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LOC Repayments

Discussion in 'Accounting, Tax & Legal' started by Vagon, 9th Apr, 2010.

  1. Vagon

    Vagon Well-Known Member

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    Hi guys, I had this over in money management, but on reflection its probably better here.

    My situation is I have a LOC that hasn't been maxed out. My intention is to not make the repayments for the LOC and instead put the equivilant amount into my PPOR's offset.

    Is this considered a legitimate strategy or will there be reprocussions down the track?

    Any help or a direction to any resource is greatly appreciated.

    Cheers
     
  2. Billv

    Billv Getting there

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    When you say you won't make any replayments, will you be paying interest only or nothing at all?

    Is the LOC from an investment property?
     
  3. Vagon

    Vagon Well-Known Member

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    Hi Bill, thanks for your help.

    Ideally I was hoping to not pay anything at all, but I have this nagging feeling thats not going to work.

    FYI the LOC is for investing in shares.
     
  4. Billv

    Billv Getting there

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    So if I understand you correctly you want the monthly interest to be taken from the LOC so the LOC balance reduces and the dividends to go into your PPOR offset?

    I'm not an accountant but I believe it's allowed.
     
  5. Vagon

    Vagon Well-Known Member

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    Sorry its probably my wording that's confusing, I'm not considering dividends, purely loan repayments. For clarity's sake I'll provide an example:

    PPOR loan of $1000 with an offset of $100
    LOC of $100

    Interest on both = 10% p.a. charged yearly.

    After one year the situation without any repayments should look like:

    PPOR loan of $1100 with an offset of $100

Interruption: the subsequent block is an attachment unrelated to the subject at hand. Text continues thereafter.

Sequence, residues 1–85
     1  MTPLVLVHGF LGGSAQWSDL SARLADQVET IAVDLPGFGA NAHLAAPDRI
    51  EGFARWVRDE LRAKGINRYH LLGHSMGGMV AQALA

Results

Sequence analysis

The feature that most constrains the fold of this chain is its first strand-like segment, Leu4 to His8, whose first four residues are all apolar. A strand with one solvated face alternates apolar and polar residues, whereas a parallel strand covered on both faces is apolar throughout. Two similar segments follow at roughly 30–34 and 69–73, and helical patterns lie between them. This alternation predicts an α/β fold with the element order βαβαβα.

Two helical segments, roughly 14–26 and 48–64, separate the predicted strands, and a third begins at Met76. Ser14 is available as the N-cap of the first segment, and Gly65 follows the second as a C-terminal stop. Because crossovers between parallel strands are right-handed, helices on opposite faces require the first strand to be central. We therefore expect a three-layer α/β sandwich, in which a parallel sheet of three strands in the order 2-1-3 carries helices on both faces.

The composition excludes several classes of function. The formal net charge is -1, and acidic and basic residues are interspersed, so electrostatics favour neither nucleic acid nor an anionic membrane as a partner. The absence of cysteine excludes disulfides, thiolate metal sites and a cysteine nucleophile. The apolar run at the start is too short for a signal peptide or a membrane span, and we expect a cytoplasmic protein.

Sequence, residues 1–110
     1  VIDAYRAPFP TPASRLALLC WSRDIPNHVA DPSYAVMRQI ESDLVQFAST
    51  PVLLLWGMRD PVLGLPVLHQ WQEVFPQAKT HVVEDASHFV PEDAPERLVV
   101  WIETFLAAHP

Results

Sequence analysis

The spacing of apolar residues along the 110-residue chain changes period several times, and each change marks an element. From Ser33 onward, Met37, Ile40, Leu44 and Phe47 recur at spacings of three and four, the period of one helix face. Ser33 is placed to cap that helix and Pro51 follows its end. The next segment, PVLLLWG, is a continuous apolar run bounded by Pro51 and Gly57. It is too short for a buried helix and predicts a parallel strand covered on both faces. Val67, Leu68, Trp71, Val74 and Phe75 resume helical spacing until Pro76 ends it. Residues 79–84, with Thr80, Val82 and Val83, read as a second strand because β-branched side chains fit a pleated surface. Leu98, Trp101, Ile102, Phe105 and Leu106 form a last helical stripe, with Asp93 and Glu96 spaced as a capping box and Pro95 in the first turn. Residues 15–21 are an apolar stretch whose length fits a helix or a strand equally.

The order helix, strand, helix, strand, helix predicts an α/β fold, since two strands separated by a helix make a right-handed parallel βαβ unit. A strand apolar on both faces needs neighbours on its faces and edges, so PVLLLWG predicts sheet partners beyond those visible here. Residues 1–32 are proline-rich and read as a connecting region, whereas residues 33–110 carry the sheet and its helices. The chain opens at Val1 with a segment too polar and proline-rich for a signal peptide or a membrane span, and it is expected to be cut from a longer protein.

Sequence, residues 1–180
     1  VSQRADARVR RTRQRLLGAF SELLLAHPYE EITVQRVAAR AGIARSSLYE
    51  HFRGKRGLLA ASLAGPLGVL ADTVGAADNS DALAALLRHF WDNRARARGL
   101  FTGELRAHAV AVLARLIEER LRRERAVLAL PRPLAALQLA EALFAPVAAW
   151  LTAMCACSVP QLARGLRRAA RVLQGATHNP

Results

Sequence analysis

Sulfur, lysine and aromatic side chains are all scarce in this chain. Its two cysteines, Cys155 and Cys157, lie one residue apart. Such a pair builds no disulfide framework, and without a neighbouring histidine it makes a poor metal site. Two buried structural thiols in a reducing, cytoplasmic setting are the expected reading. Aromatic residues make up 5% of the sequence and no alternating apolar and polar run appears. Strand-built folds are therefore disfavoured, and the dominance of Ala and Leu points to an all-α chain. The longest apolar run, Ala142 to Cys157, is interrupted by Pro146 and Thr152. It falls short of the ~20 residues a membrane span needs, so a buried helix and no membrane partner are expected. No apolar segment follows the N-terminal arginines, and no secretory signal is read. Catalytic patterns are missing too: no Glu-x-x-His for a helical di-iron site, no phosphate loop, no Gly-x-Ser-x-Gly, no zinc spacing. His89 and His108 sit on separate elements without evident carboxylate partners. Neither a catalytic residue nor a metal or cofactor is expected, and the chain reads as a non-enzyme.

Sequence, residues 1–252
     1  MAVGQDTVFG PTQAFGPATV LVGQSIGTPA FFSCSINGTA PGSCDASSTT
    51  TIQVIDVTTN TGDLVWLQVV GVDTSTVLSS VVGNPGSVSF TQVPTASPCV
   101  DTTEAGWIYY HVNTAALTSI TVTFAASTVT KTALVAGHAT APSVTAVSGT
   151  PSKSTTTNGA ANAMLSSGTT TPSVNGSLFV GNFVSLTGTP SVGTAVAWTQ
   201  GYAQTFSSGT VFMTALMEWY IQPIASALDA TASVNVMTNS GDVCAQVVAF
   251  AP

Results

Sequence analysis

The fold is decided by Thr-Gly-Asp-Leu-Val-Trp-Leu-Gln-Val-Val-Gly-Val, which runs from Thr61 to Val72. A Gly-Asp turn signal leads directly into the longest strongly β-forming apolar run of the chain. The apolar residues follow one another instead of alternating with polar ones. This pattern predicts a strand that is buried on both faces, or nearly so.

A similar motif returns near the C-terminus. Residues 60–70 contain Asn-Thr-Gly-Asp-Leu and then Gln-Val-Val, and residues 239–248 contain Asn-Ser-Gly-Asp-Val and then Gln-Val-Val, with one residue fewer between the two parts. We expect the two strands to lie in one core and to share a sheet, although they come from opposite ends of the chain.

LOC of $110

    Now what I'd like to do is use my salary to pay the $10 off my debts. It seems ideal that I do not pay what's owing on the LOC, but put it into the offset:

    PPOR loan of $1100 with an offset of $110
    LOC of $110

    Instead of reducing the LOC:

    PPOR loan of $1100 with an offset of $100
    LOC of $100

    So up the LOC interest (tax deductable) while essentially offsetting the PPOR interest (not tax deductable) by the same amount.

    I hope this hasn't completely confused you!

    Cheers
     
  6. Billv

    Billv Getting there

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    Good try at the end of the day. :)

    Don't worry, I know what you mean.
    Although in real life the PPOR loan does not change
    It stays 1000 and your lender deducts the monthly PPOR interest
    from the offset account.

    It's fine to direct your own money into your offset account weekly or monthly as you get paid.
    This is the what you're supposed to do with an offset account.
     
  7. Vagon

    Vagon Well-Known Member

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    Yeah exactly I'm paying off the interest there with my salary.

    My main concern is actually with the LOC repayments though, because that has tax implications.

    So to go back to my example, say I spend $110 a year on interest my ideal situation would be after one year:

    PPOR loan of $1000 with an offset of $110
    LOC of $110

    But I wasn't sure if I had an obligation to pay off the LOC if I have the money to put into the offset.
     
  8. Rob G.

    Rob G. Well-Known Member

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    There is no obligation to put investment income into your loan, but you have increased your borrowing.

    Whether interest on this "new borrowing" is tax deductible requires you to apply ordinary principles of testing the original purpose and actual use of those funds.

    There has not been a clear court case on precisely where the boundary lies here, but promoters & investment advisors of course interpret this very liberally.

    Cheers,

    Rob
     
  9. Vagon

    Vagon Well-Known Member

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    Thanks a lot Rob that makes good sense.